“At the London Alumni Breakfast Series I ask people to be a bit more vulnerable than they normally would. I’m fascinated by what they have to say.”
“Networking can feel phoney,” says London Business School (LBS) MBA graduate Sarah Bishop. “People arm themselves before they go in, they put on certain filters and that really defeats the purpose.”
Wanting to provide a more authentic experience for LBS alumni, Sarah hit on the idea of an informal breakfast series, along the same lines as the popular student breakfast club. It would have a careers focus and see senior alumni openly and honestly discussing their experiences since leaving LBS with a small group of more recent leavers.
Sarah worked on a volunteer basis with Alumni Relations to set up the monthly series, which launched in September 2015. Among the alumni who came to speak were a Disney executive, several people from finance and a senior manager at Google. As well as supporting with logistics, Sarah moderated many of the breakfasts. “It has been incredibly successful, fulfilling our objective of engaging new alumni,” says Amina Abassi, Alumni Relations Coordinator at LBS.
Honesty was always a priority, says Sarah. “At the start of the meeting, I’d always say, ‘This is private, it’s all behind closed doors and we’re among friends’. I ask people to be a bit more vulnerable than they normally would. I’m fascinated by what the alums have to say – and I get to ask all the questions that I’d like answers to.”
Sarah appreciated how truthful the conversations were. “They were genuinely revealing – here were these great authorities that we’d look up to talking as humans who had struggled through whatever they were doing till they became successful. That appealed to me very much because my role before the MBA was in curating experiences for people to connect and become vulnerable.”
Sarah’s interest in genuine connection is longstanding; before the MBA, she worked at StartingBloc, which runs workshops to connect innovators, and wrote a book The Connection Agency. “My role was fellowship director – what that really meant was turning strangers into best friends.” Now she is continuing in the same field as community manager at Prodigy Finance, which funds the student loan scheme for LBS and several other schools.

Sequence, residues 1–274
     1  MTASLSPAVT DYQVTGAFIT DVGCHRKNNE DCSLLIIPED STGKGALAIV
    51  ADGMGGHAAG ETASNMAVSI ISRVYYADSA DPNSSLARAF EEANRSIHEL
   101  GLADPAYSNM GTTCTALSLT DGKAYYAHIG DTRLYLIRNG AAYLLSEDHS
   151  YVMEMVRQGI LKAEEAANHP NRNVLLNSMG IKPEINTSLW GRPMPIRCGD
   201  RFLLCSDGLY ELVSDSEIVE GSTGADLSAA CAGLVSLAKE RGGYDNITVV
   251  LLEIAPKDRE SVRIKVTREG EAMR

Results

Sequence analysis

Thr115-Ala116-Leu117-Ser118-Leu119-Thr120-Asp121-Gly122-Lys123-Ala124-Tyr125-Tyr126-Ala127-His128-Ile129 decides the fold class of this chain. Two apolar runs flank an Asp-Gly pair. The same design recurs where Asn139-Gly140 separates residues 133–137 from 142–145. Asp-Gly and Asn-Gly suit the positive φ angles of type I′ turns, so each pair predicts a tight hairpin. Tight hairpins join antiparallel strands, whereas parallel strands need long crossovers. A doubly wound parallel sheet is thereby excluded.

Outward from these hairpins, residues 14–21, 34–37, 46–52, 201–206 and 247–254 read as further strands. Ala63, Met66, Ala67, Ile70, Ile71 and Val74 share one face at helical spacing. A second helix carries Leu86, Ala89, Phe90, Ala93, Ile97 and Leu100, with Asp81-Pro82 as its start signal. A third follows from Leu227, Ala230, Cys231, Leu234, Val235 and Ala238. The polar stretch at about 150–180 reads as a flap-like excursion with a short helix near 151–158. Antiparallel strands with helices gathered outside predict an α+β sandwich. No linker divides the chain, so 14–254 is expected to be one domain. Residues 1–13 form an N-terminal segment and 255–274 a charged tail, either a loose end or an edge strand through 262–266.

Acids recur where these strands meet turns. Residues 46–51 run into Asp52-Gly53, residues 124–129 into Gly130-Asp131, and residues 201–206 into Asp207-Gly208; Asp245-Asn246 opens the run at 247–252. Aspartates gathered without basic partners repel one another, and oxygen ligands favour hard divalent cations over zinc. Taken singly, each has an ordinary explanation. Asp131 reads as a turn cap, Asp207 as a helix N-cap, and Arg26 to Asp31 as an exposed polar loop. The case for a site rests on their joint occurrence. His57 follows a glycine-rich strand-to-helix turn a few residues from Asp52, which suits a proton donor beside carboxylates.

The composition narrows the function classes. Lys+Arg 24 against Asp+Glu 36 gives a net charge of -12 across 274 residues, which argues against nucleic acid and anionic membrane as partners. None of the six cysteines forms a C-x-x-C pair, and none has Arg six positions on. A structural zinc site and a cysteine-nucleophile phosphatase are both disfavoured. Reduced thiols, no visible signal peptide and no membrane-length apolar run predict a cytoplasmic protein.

As someone who values candour, Sarah is upfront about her own mistakes. Post-MBA, in 2014 she launched an indoor gardening company called Gardenin. Looking back, she says she should have paid closer attention to advice about cashflow. “I hadn’t listened properly. I knew that a product business that does manufacturing is going to be the most painful in terms of working capital, but I blocked that from my mind.” She learnt the hard way and ended up closing the business. “One day I’ll start something else.”
She had chosen LBS for its internationalism and the chance to be in London. “Going to another school in the US wasn’t diverse enough for me and it wasn’t going to open up the same kind of opportunities.” She also valued having two years to reflect and grow both personally and professionally, and the flexibility of the programme, which enabled her to focus on entrepreneurship from the start. In the summer between the first and second year she chose to join the Entrepreneurship Summer School.
As class chair, Sarah also regularly chats to her MBA classmates, keeping them involved with School events. The legendary LBS network is grounded in a well-planned student experience, she says. “Even when you’re meeting someone for the first time, you know you have a common knowledge, a shared understanding. You can build a connection between the people as a result. The whole LBS experience is designed to do that really well.”